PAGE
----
The mass had grown disheveled and restless, as for thirty long days and thirty long nights, they were without a savior at the catcher position. Many of prophets had come and gone, Omar Narvaez and Mitch Garver were two of the most prominent, but they have been exposed as false prophets up to now. So the aimless walk through the catcher landscape has been a challenging and arduous one. But then thunder banged the ear drums, water flattened the disheveleness, and fire glistened off the pupils as a voice echoed throughout the universe: Seek forth the highest mountain and I will provide salvation. Filled with a vigor that hadn’t been felt since draft day, the mass walked, and walked, and walked, so much that Forrest Gump looked down upon them and nodded in approval. Upon reaching their destination, a swirling wind enveloped them while lightning was radiating from the mountain top. Then…..Austin Nola descended down the face of the mountain with two tablets. On one were his stats for this season with the expression Catchers Ain’t Got No Face at the bottom, while on the other tablet was written: Thou shall not covet any other catcher. It has been written.
Nola is 30 years old, 6′ 0″, and 195 pounds. The Miami Marlins selected him in the fifth round of the 2012 MLB draft. He spent seven years with the organization before opting for free agency, which is when he signed with the Seattle Mariners. Drafted as a shortstop, Nola became a catcher in 2017, then played first base with the Mariners.
The plate discipline has always been his calling as a hitter, as the strikeout rate never surpassed 20% in the minors and the walk rate was around the 10% mark. Power and average were the issues, though, as the ISO was routinely under .100 while the batting average had a wide range of sub-.200 to .280 as the high. Then something clicked when he arrived in Seattle. In Triple-A, he started hitting for more power, as the ISO spiked to .194. The FB% remained the same, but he started hitting fewer ground balls and more line drives. The approach was a balanced one, as he sprayed the ball to all fields. When he got to the Show, though, the fly ball rate increased 5% and he started to pull the ball more. He ended with 10 homers, 37 runs, and 31 RBI in 267 plate appearances with an 8.6% walk rate, 23.6% strikeout rate, .185 ISO, and .269/.342/.454 slash. The signs were there.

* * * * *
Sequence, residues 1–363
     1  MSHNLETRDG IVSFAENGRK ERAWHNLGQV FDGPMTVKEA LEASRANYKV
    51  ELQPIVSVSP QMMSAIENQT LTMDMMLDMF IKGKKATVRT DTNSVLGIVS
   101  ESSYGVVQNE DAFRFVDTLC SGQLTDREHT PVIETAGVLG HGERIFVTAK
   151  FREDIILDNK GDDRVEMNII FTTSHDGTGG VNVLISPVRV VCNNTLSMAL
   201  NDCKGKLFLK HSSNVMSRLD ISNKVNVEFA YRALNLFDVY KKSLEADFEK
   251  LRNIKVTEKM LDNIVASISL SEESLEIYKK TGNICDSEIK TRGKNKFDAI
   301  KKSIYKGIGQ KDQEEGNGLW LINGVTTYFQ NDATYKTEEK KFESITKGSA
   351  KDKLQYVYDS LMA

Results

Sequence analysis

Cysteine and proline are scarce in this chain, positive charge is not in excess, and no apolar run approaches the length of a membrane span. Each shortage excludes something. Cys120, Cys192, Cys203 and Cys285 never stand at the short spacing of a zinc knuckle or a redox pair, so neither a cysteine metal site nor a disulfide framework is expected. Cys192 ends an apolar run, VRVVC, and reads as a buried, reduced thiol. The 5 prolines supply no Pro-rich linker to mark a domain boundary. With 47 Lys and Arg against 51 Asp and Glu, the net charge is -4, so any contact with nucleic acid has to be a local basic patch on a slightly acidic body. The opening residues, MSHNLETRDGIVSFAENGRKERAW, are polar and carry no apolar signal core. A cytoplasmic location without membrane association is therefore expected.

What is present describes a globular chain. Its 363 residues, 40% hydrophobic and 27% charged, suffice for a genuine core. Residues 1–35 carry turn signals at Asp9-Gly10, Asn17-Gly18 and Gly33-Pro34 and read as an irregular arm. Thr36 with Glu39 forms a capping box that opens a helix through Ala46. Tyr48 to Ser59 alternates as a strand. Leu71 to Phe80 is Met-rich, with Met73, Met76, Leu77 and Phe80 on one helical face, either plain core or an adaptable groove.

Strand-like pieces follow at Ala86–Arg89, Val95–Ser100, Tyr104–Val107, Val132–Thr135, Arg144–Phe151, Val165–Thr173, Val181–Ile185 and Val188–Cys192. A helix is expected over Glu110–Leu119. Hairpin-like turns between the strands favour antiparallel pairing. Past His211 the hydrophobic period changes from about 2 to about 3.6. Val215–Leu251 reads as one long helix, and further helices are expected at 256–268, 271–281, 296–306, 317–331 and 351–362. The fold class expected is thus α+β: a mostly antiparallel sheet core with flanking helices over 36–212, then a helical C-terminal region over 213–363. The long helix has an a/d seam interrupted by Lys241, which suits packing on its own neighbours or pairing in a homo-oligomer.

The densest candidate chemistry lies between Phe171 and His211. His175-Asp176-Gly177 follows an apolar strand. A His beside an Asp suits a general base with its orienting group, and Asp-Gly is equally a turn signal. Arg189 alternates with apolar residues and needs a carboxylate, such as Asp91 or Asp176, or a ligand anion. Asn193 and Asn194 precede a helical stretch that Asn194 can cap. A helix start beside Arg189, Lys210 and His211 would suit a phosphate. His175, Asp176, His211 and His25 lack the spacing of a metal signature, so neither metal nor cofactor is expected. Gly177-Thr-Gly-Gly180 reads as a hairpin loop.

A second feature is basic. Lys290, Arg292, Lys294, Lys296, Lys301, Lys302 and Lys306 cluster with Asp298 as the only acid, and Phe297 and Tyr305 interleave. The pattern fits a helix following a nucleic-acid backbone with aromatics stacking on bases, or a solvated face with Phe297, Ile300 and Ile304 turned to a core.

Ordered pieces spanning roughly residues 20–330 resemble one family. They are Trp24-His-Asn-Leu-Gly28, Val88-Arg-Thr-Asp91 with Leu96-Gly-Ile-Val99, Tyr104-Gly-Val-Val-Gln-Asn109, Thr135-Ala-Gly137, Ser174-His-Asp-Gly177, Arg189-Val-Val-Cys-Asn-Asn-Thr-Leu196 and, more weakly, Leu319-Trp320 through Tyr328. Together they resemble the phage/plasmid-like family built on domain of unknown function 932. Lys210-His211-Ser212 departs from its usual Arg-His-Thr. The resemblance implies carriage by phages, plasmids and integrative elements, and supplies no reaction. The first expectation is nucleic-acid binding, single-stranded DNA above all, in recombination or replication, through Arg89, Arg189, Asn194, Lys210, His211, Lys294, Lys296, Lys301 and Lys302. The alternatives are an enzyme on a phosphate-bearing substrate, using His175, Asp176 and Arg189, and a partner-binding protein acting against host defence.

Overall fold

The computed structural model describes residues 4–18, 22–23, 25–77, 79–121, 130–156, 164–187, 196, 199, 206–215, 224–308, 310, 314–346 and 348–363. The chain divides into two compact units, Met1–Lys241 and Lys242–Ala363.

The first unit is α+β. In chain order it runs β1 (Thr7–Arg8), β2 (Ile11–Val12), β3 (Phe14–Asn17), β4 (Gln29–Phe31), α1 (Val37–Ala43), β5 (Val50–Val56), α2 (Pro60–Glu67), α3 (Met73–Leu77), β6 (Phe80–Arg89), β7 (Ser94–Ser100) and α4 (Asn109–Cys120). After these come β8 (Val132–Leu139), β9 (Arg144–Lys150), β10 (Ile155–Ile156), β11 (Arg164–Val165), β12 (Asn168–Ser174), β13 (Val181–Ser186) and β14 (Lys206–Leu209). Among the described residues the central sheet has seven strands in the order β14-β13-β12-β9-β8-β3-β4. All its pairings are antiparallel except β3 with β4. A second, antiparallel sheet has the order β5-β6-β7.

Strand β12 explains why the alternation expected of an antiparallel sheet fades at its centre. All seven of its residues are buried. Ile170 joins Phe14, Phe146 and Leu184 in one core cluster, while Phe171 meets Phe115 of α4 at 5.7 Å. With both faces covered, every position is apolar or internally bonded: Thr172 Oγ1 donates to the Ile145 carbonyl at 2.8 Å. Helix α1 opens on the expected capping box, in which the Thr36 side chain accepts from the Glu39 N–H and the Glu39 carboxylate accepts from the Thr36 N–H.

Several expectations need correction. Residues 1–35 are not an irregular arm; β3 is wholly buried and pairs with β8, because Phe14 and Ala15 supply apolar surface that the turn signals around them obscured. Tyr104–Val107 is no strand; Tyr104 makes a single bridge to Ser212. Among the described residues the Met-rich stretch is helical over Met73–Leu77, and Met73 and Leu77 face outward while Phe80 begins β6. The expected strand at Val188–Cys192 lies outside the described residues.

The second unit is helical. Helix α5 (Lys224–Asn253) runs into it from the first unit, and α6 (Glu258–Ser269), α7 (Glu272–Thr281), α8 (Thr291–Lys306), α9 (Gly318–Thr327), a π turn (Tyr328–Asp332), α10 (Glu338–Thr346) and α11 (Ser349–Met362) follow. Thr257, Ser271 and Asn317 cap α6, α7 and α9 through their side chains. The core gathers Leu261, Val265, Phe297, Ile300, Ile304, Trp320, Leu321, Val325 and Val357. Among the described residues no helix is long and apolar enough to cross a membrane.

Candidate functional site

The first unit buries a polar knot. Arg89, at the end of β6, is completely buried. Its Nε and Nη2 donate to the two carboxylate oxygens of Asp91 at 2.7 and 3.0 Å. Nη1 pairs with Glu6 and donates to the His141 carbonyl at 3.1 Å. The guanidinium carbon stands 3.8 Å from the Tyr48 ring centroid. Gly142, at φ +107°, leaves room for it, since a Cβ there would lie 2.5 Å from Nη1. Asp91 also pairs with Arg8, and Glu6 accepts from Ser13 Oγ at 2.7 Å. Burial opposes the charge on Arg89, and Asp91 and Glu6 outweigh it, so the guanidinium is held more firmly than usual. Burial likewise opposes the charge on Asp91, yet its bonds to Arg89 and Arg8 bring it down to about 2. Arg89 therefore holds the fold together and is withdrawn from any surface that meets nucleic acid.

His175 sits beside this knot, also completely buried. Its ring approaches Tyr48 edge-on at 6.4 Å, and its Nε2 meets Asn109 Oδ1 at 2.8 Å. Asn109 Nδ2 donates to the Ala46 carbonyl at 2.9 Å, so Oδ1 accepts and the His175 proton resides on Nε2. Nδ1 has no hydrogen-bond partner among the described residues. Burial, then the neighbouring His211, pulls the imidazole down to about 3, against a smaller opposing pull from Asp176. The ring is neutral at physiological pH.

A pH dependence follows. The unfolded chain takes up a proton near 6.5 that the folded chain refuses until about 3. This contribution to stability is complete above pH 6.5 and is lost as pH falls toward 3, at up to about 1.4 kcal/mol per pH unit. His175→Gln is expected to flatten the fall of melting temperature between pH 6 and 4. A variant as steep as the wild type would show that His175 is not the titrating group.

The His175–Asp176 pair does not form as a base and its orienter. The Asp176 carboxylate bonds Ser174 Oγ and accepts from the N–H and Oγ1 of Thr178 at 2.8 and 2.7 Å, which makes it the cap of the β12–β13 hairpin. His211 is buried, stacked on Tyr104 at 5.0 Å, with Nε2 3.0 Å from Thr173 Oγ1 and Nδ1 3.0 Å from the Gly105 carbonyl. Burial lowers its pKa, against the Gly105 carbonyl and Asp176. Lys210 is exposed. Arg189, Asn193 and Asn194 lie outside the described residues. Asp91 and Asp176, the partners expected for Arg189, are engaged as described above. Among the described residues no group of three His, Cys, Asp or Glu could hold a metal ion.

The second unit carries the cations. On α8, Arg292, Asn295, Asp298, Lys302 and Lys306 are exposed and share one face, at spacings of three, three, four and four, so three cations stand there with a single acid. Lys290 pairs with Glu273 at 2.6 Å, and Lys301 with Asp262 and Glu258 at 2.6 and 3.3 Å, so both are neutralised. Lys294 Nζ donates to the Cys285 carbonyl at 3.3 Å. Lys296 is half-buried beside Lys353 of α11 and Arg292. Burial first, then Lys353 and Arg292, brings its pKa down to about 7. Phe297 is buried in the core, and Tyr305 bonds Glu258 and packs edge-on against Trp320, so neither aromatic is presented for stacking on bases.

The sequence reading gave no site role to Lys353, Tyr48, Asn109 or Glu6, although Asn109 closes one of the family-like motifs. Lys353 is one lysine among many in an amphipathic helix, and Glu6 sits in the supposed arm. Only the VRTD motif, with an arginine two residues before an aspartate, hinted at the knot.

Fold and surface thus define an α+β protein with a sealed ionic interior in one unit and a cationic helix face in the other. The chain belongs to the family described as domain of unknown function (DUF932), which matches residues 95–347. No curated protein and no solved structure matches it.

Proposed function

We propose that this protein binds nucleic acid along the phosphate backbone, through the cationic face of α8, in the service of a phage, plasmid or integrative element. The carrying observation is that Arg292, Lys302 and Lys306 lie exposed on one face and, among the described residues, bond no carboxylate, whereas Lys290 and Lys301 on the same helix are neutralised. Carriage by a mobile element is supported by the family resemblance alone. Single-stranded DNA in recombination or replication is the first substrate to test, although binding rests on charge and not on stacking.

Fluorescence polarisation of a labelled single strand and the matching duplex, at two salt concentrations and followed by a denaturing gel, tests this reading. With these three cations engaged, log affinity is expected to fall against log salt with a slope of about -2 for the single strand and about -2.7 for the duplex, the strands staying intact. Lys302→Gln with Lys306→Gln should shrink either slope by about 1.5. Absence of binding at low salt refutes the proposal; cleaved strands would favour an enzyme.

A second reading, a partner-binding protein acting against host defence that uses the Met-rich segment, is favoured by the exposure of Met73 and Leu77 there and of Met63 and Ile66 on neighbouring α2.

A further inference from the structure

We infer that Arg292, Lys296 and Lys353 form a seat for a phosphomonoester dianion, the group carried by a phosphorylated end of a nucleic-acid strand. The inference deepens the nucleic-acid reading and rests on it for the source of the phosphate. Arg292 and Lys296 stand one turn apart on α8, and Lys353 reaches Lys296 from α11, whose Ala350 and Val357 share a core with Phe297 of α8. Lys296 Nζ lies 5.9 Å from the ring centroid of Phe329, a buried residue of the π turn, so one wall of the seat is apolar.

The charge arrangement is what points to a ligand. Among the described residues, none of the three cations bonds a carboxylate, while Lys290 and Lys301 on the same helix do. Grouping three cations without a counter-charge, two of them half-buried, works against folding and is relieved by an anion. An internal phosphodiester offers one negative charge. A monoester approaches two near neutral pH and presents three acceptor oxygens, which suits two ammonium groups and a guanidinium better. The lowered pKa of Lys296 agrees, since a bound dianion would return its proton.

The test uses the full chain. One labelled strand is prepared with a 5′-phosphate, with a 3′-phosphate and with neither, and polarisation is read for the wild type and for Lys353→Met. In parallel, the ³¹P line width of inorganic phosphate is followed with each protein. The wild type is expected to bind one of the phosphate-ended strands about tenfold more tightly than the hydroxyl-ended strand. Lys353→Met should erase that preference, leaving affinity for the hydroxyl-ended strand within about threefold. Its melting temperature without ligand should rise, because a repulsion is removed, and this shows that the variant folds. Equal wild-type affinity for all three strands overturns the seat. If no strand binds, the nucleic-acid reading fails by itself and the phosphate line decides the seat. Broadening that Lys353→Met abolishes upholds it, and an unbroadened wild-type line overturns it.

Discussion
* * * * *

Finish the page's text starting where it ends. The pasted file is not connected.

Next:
So far in 2020, Nola is slashing .315/.358/.562 with 5 homers, 14 runs, and 17 RBI in 95 plate appearances with a 4.2% walk rate, 15.8% strikeout rate, and .247 ISO. Is this sustainable?
The BABIP is .333, so some regression in the batting average could be in store, but it’s not an egregious number so I don’t think the bottom falls out. He’s hitting fewer ground balls, more line drives, and the same amount of fly balls compared to last season. He is pulling the ball more substantially, more than 10% than 2019, so the power looks to be real.
According to the Statcast data, Nola is 74th percentile in exit velocity, 66th in hard hit percentage, and 72nd in xSLG. He is only 41th percentile in barrel rate though.
Looking at the plate discipline numbers gives me a hard on. 5.8% swinging strike rate to go along with a 22.6% chase rate. The contact rates are all very good: 87.2% in the zone, 86.3% in general, and 84.1% outside the zone. That O-Contact% is probably an outlier, as it was 60.6% last season, so there’s downside in that department. He’s only swinging at 41.9% of pitches in general.
Things look legit to me.
Is he Aaron Judge? No, but he possesses power. More importantly, though, is that he plays a lot and won’t kill you in batting average. He also hits in a decent spot in the batting order, so counting stats and plate appearances could be more than the other corpes littering the landscape. TREASURE